Children try yoga moves

Janet Williams had barely started studying yoga when her instructor pegged her as a future teacher of the centuries-old posture and breathing exercises.

Children try yoga moves featured in a new book What I See

Janet Williams had barely started studying yoga when her instructor pegged her as a future teacher of the centuries-old posture and breathing exercises.

That was in 1988 when the Sault Ste. Marie native was a second-year English major at University of Western Ontario.

“When I was doing the yoga I felt, ‘This is amazing.’

“When I left, I felt so good,” said Williams.

“I was so calm and so relaxed.”

Her teacher’s prediction was accurate. Williams started teaching yoga in 1996 and has studied the art not only in Canada, but also in Australia, England and Spain.

Earlier this decade, friend and former schoolmate Gratia Giovanatti suggested that with Williams’ educational background — she’s also a York University faculty of education graduate — she pen her own yoga book.

It took eight long years, but her first work is now published.

What I See, I Can Be: A Guided Yoga Flow for Children was released Sept. 1 through her own publishing effort, Light Connections Press.

The book and accompanying CD of “soothing” music encourages teachers, parents and youth group leaders with no yoga experience to lead youngsters aged three to nine in 13 different moves.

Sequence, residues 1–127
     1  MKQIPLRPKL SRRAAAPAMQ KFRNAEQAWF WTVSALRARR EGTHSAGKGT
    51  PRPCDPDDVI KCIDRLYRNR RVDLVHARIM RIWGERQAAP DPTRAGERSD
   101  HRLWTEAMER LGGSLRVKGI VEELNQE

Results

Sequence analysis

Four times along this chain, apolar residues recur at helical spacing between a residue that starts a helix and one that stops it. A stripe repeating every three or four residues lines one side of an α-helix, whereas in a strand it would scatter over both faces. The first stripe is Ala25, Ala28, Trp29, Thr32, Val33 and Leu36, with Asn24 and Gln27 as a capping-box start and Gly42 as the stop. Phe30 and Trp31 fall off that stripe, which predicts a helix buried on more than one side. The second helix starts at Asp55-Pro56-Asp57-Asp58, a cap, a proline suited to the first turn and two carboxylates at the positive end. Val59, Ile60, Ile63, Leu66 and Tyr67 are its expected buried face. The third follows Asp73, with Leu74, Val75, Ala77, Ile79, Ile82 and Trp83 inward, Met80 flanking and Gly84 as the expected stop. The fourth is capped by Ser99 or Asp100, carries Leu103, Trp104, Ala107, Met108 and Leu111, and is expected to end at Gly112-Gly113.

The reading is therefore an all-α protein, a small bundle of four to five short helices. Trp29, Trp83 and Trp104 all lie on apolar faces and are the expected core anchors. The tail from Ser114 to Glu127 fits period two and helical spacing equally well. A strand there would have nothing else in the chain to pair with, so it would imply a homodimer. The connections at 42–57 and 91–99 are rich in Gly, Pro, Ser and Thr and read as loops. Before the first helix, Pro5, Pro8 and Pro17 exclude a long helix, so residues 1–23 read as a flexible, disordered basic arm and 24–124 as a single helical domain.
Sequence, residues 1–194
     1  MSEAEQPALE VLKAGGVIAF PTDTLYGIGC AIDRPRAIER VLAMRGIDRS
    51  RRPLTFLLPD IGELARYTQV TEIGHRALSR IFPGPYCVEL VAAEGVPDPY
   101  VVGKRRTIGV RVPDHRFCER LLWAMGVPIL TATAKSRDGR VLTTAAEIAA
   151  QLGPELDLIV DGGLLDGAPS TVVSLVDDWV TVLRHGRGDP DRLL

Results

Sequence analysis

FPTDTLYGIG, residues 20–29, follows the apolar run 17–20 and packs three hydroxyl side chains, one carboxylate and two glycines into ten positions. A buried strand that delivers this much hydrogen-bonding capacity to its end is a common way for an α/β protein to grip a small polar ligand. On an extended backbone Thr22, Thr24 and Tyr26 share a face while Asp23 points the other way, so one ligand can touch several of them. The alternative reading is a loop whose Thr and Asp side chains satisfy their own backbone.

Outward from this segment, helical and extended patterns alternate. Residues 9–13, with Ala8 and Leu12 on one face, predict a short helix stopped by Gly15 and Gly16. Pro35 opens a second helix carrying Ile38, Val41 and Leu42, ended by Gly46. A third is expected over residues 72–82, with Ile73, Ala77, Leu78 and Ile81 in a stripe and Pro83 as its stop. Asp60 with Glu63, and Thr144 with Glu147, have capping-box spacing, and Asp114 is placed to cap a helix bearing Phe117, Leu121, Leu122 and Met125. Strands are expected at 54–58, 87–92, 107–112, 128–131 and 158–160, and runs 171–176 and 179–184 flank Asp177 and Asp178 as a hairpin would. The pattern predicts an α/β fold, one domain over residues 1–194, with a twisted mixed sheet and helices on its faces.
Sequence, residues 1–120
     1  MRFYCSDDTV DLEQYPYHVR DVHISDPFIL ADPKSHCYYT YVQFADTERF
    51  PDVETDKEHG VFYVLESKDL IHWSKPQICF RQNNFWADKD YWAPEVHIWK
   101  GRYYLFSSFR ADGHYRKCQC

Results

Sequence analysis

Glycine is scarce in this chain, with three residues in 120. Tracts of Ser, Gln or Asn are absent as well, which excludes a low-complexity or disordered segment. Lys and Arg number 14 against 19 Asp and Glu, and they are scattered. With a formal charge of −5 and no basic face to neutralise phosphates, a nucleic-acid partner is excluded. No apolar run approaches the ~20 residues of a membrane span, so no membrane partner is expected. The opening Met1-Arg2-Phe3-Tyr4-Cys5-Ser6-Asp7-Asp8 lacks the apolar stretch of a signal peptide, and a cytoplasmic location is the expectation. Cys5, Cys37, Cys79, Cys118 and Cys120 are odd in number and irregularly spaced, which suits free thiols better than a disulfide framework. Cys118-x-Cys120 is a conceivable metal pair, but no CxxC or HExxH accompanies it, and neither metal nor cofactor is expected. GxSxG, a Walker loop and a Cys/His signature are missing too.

“We have to model (physical activity) to our children,” she said.

“If we do not show how important exercise is, how important to move your body is, how are children ever going to know that’s an important thing?”

Children, said Williams, benefit from strengthening, stretching and concentrating during traditional exercises with kid-friendly names such as dog, tree and cat.

“The kids love it. They want to move their bodies. They’re designed to move their bodies,” she said.

“Children cannot grow into healthy adults if they haven’t moved during their childhood.”

Williams hopes her work can be used by elementary school teachers during mandated 20-minute daily physical activity in their classrooms.

The activities are non-competitive and, with their calm approach, won’t send kids back to their seats too wired up to concentrate on the next subject.

“It’s a lovely thing to do with a child,” said Williams.

“They can’t possibly do it wrong. You can’t do it wrong.”

Williams, now based in Mississauga, has plugged the book to daycares, schools and yoga studios in several southern Ontario communities, including Guelph, London and Oakville, as well as parenting and family literacy centres in Sault Ste. Marie.

“There’s no reason why every child around the world can’t do this,” she said.

“I look forward to spreading it as far as I can … Everybody’s got a role to play in helping society and I think this is mine.”

An accompanying colouring and activity book, poster and resource material for teachers are also for sale.

On the Net:

www.ChildrensYogaBooks.com

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